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What Is a Camera Lucida?

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  • Written By: Phil Riddel
  • Edited By: Jessica Seminara
  • Last Modified Date: 07 November 2016
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A camera lucida is a drawing aid that allows an artist or illustrator to see an image of an object superimposed upon a sheet of paper, so that the object can be drawn accurately by tracing the outlines. This centuries-old device uses mirrors and an eyepiece to create the superimposed image. Both antique and modern versions are still in use by artists and scientific illustrators.

Dr. William Hyde Wollaston patented the instrument in 1807 as an aid for painters and other artists; however, it is possible that a similar optical device was used in earlier times: something resembling a camera lucida was described by the astronomer and mathematician Johannes Kepler in the 17th Century. The camera lucida as an aid to painting and drawing was preceded by other optical devices such as the camera obscura, a type of pinhole camera; and the Claude glass or black mirror, a dark-tinted mirror which was used to highlight objects to be painted against their backgrounds and simplify scenes. The artist David Hockney has presented a theory that the old masters, including Ingres, Van Eyck and Caravaggio, might have used the camera lucida and other optical aids, citing as evidence the changes in painting style that coincided with developments in the science of optics.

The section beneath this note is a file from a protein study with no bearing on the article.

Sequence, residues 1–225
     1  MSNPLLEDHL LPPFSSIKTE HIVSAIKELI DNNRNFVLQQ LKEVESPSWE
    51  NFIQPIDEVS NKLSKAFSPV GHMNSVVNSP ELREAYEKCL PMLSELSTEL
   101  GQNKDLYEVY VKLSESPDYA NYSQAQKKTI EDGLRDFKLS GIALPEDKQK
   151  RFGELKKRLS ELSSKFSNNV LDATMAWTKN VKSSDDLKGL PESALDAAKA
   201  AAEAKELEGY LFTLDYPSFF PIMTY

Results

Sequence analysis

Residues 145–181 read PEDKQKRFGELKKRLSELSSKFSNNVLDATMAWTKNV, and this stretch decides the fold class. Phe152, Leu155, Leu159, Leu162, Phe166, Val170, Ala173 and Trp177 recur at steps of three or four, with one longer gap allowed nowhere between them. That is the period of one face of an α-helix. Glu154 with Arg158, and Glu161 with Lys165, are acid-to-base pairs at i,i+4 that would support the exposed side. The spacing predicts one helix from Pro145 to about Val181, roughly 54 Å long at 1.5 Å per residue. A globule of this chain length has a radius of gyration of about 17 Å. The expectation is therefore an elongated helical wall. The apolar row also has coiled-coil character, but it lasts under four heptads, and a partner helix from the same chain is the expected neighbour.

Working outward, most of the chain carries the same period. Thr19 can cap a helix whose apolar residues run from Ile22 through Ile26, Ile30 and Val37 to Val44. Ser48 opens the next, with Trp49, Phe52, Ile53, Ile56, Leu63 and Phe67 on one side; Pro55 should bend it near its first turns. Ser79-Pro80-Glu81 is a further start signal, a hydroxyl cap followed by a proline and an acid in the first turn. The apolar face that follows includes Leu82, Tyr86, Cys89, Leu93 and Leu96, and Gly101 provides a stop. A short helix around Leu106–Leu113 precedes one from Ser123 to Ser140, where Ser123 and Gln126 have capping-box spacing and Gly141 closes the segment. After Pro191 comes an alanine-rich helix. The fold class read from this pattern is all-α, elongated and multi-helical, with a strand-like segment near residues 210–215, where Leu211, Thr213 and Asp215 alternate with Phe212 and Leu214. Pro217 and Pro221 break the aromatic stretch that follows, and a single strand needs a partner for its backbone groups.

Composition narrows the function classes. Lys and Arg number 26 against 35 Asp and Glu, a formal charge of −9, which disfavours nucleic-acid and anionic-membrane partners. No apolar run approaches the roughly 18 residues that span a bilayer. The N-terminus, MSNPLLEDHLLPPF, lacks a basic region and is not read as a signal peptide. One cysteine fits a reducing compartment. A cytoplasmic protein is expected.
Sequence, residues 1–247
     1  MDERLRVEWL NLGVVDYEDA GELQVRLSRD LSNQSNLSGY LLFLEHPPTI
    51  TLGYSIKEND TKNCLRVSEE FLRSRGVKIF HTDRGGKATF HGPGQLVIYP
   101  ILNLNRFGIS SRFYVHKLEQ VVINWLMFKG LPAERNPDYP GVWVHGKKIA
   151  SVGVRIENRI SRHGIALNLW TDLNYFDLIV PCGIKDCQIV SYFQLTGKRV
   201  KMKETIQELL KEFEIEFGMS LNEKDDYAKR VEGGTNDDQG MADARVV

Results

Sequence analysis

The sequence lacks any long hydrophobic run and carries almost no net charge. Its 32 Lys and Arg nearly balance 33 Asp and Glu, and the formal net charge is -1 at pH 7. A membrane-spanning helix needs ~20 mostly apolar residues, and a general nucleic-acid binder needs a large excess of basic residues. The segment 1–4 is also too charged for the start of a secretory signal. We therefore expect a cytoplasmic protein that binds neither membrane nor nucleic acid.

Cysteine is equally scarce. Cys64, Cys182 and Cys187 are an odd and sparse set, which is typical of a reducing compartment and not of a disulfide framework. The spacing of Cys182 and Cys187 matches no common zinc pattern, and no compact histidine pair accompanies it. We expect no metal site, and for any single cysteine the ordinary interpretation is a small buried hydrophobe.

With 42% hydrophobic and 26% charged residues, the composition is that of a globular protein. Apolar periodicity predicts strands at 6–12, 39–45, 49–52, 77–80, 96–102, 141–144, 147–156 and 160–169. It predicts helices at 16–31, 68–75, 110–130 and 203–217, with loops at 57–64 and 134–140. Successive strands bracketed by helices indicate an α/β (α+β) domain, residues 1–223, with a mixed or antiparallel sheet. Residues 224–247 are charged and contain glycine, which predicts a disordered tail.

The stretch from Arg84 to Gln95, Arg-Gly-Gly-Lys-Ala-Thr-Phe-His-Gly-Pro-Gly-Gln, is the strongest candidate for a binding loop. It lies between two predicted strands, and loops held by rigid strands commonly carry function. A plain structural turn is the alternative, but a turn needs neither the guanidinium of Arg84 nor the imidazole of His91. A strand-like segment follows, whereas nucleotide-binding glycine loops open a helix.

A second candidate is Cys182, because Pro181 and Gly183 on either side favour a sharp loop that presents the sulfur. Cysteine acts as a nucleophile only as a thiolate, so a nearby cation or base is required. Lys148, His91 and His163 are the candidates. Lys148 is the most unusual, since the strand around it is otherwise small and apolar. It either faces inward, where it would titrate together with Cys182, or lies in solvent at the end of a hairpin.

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The device consists essentially of a prism, or a set of mirrors, and an eyepiece on an adjustable stand. One side of the prism, or one of the mirrors, is half-silvered, so that half of the light reaching it will be reflected and half will pass through. The camera lucida is adjusted so that the artist is looking down from the eyepiece through the half-silvered mirror toward the paper below. Meanwhile, light from the object to be drawn enters this mirror at a 45 degree angle, is reflected back onto it by a conventional mirror, and a proportion of the light is then reflected into the eyepiece, along with the light from the paper.

In this way, the artist sees both the object to be drawn and the paper, along with her hand and pencil while she is drawing. A broadly similar method is used to create the “Pepper’s ghost” optical illusion, where an image originating in a hidden, darkened room positioned to the side of the viewer appears, reflected in a half-silvered mirror, superimposed upon the view ahead. It is commonly employed in “haunted house” style attractions.

Antique and replica specimens of the camera lucida are available, but modern versions of the device are still employed today. In some circumstances, a detailed manual illustration of an object can be more useful than a photograph, as certain elements can be emphasized to make them more obvious to the viewer. This is particularly the case in fields such as paleontology, paleobotany and neurology, where it is necessary to clearly depict structures that might not be picked up well by a camera. Scientific illustrators will sometimes use a modern camera lucida to capture this detail manually.

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